The following is the submission of “John” for my recent TDG series in which students planned recon of an objective, received results of their reconnaissance, and drafted a final assault plan.  Feel free to comment and discuss his answers
Recon Plan Submission from “John”
First I want to state that since the locals are friendly I would have already set up a relationship with all nearby folks. Even going so far as to assist them in establishing an underground resistance movement. So for this mission the first order of business will be to call in a few favors. Here is what I will request from the locals:
Location of any enemy posts or road blocks or even local businesses that the enemy frequents if known. Any knowledge of patrols and their frequency.
I will ask the underground for the loan of any personnel that would be willing to act as guides or is willing to help guard the base during the recon mission.
Does the enemy purchase any supplies from the locals? Are they delivered? Do any locals have any legitimate access to the fuel depot and can they get us specific info of the interior or can they get any of my people in?
I split the squad into two teams GREEN and PURPLE.
GREEN consists of myself, radio operator, one fire team, plus the automatic rifleman and his assistant from the split up fire team
PURPLE consists of one fire team plus the rifleman and team leader from split fireteam.
Each team gets two night vision sets.
Depart just after sunset.
SEE MAP team green recon

GREEN travels north to hill marked A. There I leave an automatic rifleman and assistant. They get one of the night vision goggles. Their job is to watch over the road to the depot, the road to our patrol base and the entrance to the depot itself. (This point actually should be manned at all times as it seems to be a good general lookout position for the patrol base.)
Also from this position I can check out the line to our west marked by symbols that look like the NATO map symbols for civilian balloons with the EPLRS symbols along for the ride. SEE INSERTS 1&2. Don’t know what they are and so I’ll find out.
If safe GREEN moves west using the he hill for cover and moves to position B. Team leader and rifleman remain at B while radio operator and myself proceed to location C with night vision goggles. I am
curious about the flat area marked by the question mark. Could a vehicle conceivably use that as a launch area for ramming the fenceline?
SEE MAP team purple recon

PURPLE team departs west and moves north up like he west side of the depot using hills as cover unti it gets to point A on the map (white letter may be hard to see)
From here the leader decides the best way to conduct observation. The two dotted lines mark areas I want to know more about
specifically do those wooded areas provide sufficient cover to hide an attacking force. Has the enemy taken specific measures to address this issue? More troops, patrols, barriers, evidence of land mines?
My plan is to spend the night gleaning as much information as possible and avoiding any contact with the enemy. Strict noise, light and radio discipline. Two hours before sunrise we move out back to the patrol base.
I want reports from the following:
GREEN team unit at point B
GREEN team unit left at point A
PURPLE team leader and his unit’s appraisal of the west side of the depot.
Everyone is to report back to me the following;
Number, location, activity, weapons, and other equipment of enemy.
Physical barriers and potential breeching locations.
Location of targets (fuel trucks, tanks, bladders, valve locations)
My people will know that I prefer to use firebombs when possible to conserve on supplies that may be difficult to replace. So they will look for any hindrances to such a plan.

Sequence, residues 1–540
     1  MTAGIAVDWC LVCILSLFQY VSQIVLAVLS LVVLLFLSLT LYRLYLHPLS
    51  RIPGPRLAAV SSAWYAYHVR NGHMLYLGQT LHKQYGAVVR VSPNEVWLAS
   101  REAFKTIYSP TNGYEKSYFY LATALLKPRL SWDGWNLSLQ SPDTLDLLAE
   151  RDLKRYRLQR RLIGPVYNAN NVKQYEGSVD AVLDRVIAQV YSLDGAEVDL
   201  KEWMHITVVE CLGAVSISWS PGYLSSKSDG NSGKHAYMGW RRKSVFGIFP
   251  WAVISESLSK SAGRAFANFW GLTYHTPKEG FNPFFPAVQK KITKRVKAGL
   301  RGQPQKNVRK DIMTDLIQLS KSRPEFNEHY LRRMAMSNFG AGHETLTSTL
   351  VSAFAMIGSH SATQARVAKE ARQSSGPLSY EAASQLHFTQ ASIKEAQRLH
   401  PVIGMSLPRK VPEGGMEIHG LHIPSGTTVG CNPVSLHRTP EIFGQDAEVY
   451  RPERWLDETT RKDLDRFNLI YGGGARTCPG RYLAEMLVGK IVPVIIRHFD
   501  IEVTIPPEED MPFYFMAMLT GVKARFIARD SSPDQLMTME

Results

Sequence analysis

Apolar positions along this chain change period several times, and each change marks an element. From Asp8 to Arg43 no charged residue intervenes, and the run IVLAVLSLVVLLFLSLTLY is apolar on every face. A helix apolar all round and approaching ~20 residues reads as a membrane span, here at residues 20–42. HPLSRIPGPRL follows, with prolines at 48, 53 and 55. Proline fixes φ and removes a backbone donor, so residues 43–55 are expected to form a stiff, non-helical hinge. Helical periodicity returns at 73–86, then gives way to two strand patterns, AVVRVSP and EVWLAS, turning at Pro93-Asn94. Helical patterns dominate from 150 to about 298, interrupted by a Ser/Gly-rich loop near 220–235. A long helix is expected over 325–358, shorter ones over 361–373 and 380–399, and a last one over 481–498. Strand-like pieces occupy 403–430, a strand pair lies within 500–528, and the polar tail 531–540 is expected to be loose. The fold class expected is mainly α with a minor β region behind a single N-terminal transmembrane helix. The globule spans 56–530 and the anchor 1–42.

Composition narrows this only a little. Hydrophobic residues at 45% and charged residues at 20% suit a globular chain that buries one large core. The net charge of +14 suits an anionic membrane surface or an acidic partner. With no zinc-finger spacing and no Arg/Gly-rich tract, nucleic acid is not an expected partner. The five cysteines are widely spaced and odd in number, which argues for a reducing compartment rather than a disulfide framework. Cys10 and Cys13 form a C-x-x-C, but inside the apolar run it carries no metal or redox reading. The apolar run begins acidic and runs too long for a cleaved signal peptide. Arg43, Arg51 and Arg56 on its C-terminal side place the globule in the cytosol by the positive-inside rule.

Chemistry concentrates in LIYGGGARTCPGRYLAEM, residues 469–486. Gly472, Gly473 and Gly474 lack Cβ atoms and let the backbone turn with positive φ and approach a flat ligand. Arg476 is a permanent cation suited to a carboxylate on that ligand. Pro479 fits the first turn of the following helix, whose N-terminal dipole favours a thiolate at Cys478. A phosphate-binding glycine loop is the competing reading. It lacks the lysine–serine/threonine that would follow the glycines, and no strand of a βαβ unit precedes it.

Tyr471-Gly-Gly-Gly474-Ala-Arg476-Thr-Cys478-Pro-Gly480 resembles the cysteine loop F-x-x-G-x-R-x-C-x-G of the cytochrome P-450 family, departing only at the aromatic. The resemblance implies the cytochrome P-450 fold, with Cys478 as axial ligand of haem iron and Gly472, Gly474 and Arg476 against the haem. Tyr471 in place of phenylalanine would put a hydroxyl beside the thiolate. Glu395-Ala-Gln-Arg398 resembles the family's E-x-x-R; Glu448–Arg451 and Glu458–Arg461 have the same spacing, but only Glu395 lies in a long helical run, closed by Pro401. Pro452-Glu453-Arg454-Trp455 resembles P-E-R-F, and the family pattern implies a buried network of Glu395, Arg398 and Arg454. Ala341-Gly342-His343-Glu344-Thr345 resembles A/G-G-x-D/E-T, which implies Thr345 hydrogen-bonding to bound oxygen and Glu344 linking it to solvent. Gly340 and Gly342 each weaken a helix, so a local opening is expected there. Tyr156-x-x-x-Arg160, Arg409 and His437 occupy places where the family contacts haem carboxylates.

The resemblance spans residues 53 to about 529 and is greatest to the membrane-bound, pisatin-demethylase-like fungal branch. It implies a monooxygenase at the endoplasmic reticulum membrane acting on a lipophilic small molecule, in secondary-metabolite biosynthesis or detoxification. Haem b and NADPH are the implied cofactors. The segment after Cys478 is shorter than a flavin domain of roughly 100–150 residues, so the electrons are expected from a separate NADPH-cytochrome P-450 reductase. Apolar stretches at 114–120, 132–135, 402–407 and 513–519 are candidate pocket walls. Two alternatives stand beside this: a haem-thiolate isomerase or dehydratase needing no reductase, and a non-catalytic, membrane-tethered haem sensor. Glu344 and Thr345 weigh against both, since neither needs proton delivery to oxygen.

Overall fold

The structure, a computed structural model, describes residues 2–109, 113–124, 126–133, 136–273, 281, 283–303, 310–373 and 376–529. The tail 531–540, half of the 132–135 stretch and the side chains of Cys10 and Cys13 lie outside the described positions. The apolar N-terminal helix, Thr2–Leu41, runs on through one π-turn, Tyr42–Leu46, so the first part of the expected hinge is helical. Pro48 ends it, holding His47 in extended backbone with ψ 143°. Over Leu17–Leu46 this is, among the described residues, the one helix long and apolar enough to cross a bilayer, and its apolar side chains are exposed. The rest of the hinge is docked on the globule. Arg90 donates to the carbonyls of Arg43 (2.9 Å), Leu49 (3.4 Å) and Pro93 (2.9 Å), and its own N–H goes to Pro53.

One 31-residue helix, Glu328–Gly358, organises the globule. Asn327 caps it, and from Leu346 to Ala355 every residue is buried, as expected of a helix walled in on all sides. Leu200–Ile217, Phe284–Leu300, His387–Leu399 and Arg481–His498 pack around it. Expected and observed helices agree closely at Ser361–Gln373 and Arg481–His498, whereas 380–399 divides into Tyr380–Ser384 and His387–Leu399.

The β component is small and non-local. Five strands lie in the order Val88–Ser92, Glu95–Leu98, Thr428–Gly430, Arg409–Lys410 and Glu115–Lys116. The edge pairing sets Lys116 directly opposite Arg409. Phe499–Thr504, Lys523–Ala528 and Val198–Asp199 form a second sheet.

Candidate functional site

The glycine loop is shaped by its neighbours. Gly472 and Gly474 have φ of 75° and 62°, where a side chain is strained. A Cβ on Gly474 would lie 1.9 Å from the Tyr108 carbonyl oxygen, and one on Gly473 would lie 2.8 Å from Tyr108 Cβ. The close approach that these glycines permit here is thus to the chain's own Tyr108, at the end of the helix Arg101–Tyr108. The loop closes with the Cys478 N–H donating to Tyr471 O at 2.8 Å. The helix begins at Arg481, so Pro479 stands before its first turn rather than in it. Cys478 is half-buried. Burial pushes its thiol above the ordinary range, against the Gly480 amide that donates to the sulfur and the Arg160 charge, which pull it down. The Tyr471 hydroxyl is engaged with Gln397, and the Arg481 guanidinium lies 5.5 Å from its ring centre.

Recon Results from Mike

Thank you for the reply!  You put a lot of effort in, so I will do my part and endeavor to give you an equally thorough reply.
Your plan of working with the locals is a good one.  However, in this scenario the Russians have only been in the area for a few days, so most civilians would still be buttoned up in their homes or evacuating North East to flee the fighting, so they wouldn’t be able to provide you with anything this early into the conflict.  However, a nearby farmer says he heard some explosions in the direction of the depot/gas station a couple days ago during the first day of the invasion.
Results of Recon team GREEN
You mentioned that your teams would spend the night observing, so I assume you patrol to your OPs after dark.  You arrive at hill “A” but discover that there are too many trees obstructing your view.
You improvise, moving NE along the ridgeline until you get a more clear view.  You observe the below images, first through night vision and then through binoculars:
Unfortunately, it’s too dark for binoculars to give you a clear image, and your PVS-14 isn’t magnified.  Luckily, one of your guys has an ACOG, which is night vision compatible.  You hold your NVG in front of the ACOG and get the following images:
You notice what appears to be two soldiers roaming around the depot casually in full battle rattle.  No vehicles approach the site, but you can occasionally hear a truck engine start and run for about 10 minutes every hour.  You sense a smell of diesel fuel, even from this distance.  You assess the terrain on the west side of the depot as very open between the tree line and the objective for about 300m.  You also observe that the enemy fuel depot is roughly 50m west of the civilian gas station.
Looking to the West, you see that the symbols on your map marked wind turbines:
You patrol further to point “B,” but discover that it is on the opposite side of the ridge as the depot, and lower down (if you look at the contour lines, you will see that the main E/W road follows the ridgeline).  You cannot observe anything from there, and so you move on.
At point “C” you observe that the terrain is mostly open plains in the “?” area marked on your map, and quite suitable for a 4WD vehicle:
However, there are a few civilian buildings on this side of the depot, so a ramming attack from this angle is not likely to succeed.
Results of recon team PURPLE
As they cross the road, team PURPLE notices several destroyed civilian vehicles at the gas station.  It appears to have been bombed.